Depression and Anxiety Across the First Year after Ischemic Stroke: Findings from a Population-Based New Zealand ARCOS-IV Study
Barker-Collo S., Krishnamurthi R., Witt E., Theadom A., Starkey N., Barber PA., Bennett D., Rush E., Arroll B., Feigin V.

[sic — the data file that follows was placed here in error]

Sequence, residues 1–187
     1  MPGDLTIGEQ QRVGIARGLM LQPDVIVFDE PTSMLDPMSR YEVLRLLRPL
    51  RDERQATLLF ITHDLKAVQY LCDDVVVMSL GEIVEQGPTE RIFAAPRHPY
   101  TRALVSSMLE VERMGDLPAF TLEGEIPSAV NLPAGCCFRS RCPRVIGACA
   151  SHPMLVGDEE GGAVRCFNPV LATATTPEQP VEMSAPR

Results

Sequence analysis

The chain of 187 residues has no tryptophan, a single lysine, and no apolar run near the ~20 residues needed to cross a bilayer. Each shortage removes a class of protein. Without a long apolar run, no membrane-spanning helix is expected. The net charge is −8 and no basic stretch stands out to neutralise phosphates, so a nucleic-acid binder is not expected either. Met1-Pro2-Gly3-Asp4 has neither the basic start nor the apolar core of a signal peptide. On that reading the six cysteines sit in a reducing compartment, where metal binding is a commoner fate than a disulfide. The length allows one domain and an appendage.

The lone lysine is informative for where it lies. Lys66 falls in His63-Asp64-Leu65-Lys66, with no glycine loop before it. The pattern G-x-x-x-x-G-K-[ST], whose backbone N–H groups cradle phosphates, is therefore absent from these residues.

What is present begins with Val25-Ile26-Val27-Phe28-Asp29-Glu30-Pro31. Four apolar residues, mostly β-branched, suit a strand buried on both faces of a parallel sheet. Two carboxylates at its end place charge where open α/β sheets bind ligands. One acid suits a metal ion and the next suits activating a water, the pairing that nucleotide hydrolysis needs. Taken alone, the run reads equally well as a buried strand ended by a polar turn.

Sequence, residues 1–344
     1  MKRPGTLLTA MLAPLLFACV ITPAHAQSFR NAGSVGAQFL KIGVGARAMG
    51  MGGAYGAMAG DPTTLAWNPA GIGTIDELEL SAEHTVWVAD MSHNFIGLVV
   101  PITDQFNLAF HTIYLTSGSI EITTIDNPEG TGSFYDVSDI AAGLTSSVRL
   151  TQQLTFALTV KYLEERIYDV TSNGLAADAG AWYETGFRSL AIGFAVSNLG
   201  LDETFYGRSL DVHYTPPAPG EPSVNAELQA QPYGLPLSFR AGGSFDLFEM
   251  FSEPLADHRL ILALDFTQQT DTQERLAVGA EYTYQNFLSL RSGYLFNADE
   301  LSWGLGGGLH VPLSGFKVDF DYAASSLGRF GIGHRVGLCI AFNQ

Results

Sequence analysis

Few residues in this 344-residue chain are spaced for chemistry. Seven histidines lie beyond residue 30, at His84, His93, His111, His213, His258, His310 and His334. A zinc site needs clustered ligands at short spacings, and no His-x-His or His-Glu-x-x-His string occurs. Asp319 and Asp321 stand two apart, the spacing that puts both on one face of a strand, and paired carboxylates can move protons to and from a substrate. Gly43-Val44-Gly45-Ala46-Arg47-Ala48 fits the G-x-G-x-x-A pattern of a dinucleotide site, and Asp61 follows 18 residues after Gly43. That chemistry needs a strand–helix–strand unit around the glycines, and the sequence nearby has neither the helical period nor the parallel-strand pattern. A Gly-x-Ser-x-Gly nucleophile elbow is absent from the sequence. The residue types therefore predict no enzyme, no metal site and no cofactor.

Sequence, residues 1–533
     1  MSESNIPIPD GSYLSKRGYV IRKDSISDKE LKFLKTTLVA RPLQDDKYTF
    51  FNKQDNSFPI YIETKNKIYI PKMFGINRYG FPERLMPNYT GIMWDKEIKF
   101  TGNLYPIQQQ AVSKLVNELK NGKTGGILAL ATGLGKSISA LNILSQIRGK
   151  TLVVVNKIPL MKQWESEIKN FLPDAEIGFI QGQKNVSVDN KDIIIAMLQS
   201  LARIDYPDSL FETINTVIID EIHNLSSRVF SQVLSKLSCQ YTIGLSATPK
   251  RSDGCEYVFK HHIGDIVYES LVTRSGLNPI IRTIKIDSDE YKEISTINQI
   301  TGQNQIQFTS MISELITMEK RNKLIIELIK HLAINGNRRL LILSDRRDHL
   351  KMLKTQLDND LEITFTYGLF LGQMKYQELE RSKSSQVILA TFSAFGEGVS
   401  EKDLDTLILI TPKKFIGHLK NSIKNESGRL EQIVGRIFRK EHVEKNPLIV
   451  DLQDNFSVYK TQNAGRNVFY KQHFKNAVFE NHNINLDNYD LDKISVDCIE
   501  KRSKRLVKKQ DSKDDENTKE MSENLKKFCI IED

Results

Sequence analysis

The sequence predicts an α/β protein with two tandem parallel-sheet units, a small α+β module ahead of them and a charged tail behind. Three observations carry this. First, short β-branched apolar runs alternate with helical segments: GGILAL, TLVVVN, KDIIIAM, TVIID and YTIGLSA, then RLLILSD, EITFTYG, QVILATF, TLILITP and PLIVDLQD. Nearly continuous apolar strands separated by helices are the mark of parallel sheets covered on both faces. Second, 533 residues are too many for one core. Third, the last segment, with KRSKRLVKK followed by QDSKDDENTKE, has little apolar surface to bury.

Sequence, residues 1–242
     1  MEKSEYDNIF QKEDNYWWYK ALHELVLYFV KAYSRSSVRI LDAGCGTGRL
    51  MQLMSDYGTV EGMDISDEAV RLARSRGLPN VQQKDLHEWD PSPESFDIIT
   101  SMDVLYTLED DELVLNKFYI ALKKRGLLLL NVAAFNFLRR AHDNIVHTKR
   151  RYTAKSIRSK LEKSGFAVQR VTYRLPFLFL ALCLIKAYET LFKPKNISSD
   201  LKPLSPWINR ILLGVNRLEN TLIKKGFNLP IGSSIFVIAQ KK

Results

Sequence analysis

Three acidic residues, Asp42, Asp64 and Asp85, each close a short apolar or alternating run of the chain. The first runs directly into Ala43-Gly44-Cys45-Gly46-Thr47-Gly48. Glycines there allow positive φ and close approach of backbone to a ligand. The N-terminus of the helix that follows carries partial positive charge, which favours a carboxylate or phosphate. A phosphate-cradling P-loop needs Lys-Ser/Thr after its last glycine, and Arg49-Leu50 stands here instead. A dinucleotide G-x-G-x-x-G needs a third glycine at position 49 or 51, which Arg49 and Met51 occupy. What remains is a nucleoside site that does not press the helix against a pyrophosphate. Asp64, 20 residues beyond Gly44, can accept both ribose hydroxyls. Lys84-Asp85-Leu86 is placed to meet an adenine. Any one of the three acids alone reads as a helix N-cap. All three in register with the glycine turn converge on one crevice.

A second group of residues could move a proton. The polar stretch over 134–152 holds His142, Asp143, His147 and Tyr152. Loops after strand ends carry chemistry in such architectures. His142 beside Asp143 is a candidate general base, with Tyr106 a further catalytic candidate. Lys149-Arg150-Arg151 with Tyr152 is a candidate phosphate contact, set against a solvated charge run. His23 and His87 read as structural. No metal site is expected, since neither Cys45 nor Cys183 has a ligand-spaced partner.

Background: Depression and anxiety are the two most frequently studied emotional outcomes of stroke. However, few previous studies have been carried out at a population level or beyond 6 months post stroke. The aim of this study was to describe depression and anxiety across the first year following incident ischemic stroke (IS), and identify predictive factors in a population-based study. Method: The Hospital Anxiety Depression Scale (HADS) was administered at baseline (within 2 weeks of onset), and again at 1-month, 6-months and 12-months after IS in a sample (N = 365) drawn from a population-based study. Results: Over 75% of those assessed experienced depression or anxiety symptoms below cut-offs for probable disorder across the year post stroke. Moderate to severe symptoms for anxiety were approximately twice as likely (range 4.1%-10.6%) as compared to depression (range 2.5%-5.0%) at each assessment. The greatest improvement in anxiety occurred within the first month post stroke. In contrast, the greatest reduction in depression occurred between 1- to 6-months post stroke. Conclusions: Anxiety symptoms in the moderate to severe range were twice as common as depression, and improved over the first month post stroke, whilst depression symptoms persisted for up to 6 months, indicating a need to target these two issues at different points in the recovery process.